Kinsa makes an oral thermometer that leverages the crowdsourcing power of a smart phone. The thermometer plugs into and transmits data to a free smartphone app – iOS now, but Android as well in the future – which also records and tracks symptoms and temps for easy retrieval at a pediatrician’s office. What’s more, the next phase of the product will provide crowd sourced data from social networks to allow parents to see what’s going on in a child’s neighborhood or school. Strep going around? Lice? Better act now.

The company is focusing first on tracking childhood ills, because mothers are the primary users of thermometers, says Kinsa deputy CEO Qian Qian Tang, and because children are prime carriers of highly contagious diseases like flu, whooping cough and measles.

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The White House, Traffic Pollution and Asthma

Jeffrey Seyler, the president and CEO of the American Lung Association, recently posted an article on the Huffington Post regarding traffic pollution and lung problems. Pollution can cause or worsen asthma related symptoms, especially in adolescents. The EPA reports that approximately 50% of Americans live in constant threat from unhealthy air quality. In addition, around one third live in close proximity to major roadways filled with dangerous vehicle emissions. Currently the white house is proposing a solution that will regulate sulfur levels and vehicle emission standards thus forging a path to cleaner air. However, if the White House does not adopt the proposal within the month, it could delay for an entire year.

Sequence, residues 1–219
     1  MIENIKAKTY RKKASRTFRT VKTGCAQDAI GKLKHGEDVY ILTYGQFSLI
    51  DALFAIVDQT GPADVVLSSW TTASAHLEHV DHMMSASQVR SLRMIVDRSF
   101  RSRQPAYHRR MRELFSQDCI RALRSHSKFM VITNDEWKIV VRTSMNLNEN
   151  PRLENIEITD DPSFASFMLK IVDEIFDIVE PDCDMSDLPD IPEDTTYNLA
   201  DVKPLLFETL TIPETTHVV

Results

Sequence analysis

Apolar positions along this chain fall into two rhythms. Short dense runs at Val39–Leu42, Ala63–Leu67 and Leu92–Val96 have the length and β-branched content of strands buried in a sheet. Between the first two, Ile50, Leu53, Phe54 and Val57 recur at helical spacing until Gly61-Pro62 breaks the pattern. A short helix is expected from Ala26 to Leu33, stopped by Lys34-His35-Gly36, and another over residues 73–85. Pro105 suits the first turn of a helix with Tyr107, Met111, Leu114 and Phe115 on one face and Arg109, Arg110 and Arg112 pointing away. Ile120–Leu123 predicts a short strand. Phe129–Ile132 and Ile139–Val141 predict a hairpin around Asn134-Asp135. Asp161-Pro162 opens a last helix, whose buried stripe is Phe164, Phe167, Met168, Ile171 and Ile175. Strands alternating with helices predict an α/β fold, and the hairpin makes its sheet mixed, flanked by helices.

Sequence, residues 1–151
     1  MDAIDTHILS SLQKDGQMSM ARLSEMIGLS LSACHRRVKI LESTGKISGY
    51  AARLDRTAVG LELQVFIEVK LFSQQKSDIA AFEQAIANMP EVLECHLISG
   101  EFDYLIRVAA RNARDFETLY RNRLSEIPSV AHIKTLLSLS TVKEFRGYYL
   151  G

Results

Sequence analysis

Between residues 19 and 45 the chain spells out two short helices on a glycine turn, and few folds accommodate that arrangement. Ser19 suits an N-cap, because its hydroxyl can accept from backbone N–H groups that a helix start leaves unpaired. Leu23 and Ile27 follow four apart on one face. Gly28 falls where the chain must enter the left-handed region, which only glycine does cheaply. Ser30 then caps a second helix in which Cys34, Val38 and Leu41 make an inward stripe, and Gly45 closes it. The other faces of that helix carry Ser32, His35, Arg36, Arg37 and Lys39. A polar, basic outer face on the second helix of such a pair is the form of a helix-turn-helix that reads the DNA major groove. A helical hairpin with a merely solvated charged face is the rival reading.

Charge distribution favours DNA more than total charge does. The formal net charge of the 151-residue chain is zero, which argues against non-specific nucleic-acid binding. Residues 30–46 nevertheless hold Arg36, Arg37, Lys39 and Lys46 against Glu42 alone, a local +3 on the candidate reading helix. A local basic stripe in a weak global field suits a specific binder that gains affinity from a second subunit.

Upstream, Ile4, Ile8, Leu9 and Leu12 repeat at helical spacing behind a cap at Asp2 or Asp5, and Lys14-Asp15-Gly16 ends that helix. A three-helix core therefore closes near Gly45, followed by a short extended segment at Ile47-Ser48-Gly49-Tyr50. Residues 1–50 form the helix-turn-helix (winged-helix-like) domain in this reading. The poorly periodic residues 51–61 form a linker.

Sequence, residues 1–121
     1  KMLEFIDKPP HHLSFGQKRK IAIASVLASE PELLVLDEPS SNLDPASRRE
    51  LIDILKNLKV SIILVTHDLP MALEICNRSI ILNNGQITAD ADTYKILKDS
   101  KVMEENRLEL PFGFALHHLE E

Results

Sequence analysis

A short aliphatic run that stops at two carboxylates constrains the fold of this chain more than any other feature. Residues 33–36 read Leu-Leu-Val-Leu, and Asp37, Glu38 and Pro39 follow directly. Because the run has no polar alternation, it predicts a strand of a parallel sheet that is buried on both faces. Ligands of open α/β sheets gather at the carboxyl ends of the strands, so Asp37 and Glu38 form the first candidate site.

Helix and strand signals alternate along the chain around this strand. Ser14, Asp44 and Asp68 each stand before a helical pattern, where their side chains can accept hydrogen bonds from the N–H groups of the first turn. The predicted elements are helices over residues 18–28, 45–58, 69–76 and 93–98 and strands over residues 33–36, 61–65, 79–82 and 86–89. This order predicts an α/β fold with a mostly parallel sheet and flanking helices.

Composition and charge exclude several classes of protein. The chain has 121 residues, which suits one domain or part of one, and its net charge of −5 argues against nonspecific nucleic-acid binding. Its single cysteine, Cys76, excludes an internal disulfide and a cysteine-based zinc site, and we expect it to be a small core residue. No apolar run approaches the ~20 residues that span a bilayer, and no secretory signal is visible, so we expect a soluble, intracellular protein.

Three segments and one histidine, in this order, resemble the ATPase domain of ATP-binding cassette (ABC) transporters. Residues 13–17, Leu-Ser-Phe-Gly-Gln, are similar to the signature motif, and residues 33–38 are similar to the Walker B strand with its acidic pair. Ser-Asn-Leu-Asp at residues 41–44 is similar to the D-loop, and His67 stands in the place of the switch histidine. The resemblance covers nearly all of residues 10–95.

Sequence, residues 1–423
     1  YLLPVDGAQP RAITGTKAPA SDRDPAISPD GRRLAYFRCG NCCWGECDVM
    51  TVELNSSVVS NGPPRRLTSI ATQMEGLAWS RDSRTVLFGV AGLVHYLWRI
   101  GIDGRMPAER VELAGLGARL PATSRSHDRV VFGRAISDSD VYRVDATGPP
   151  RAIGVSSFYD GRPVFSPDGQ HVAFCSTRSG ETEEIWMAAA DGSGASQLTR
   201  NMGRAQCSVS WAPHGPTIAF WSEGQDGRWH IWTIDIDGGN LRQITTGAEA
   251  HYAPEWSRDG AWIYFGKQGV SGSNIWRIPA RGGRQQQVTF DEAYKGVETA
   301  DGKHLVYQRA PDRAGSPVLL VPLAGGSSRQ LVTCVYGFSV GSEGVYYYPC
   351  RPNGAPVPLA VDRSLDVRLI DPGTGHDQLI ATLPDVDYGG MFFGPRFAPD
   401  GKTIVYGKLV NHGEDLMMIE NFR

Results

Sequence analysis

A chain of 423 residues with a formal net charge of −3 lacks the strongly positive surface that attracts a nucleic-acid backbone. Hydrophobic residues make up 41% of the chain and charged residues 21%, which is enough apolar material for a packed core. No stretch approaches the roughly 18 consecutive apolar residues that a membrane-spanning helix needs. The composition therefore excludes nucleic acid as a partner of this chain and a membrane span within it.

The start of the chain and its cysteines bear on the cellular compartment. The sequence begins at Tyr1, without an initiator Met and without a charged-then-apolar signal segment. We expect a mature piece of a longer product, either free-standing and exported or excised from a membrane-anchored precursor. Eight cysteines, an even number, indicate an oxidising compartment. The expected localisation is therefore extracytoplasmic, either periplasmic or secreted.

It’s a little hard to remember while we are currently in the late stages of a tough winter, but the smog season will soon be here. The air quality index will displace the wind chill index – and in many areas, people will be urged to stay indoors to flee the dirty air.

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Study Shows Texting Increases Asthma Adherence in Adolescents